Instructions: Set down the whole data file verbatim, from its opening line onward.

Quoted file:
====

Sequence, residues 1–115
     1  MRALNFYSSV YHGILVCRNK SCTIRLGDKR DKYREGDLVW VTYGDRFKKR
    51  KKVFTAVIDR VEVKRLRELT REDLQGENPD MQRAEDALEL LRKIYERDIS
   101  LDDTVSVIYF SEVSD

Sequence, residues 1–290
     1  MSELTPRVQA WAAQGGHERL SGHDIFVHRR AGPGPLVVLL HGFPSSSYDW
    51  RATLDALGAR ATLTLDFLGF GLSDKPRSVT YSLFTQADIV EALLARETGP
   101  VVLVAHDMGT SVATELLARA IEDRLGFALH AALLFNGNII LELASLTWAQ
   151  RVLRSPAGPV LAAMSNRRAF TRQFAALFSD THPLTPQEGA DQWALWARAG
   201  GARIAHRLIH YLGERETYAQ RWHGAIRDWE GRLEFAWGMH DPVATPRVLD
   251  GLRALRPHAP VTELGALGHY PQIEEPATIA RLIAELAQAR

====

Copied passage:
Sequence, residues 1–115
     1  MRALNFYSSV YHGILVCRNK SCTIRLGDKR DKYREGDLVW VTYGDRFKKR
    51  KKVFTAVIDR VEVKRLRELT REDLQGENPD MQRAEDALEL LRKIYERDIS
   101  LDDTVSVIYF SEVSD

Sequence, residues 1–290
     1  MSELTPRVQA WAAQGGHERL SGHDIFVHRR AGPGPLVVLL HGFPSSSYDW
    51  RATLDALGAR ATLTLDFLGF GLSDKPRSVT YSLFTQADIV EALLARETGP
   101  VVLVAHDMGT SVATELLARA IEDRLGFALH AALLFNGNII LELASLTWAQ
   151  RVLRSPAGPV LAAMSNRRAF TRQFAALFSD THPLTPQEGA DQWALWARAG
   201  GARIAHRLIH YLGERETYAQ RWHGAIRDWE GRLEFAWGMH DPVATPRVLD
   251  GLRALRPHAP VTELGALGHY PQIEEPATIA RLIAELAQAR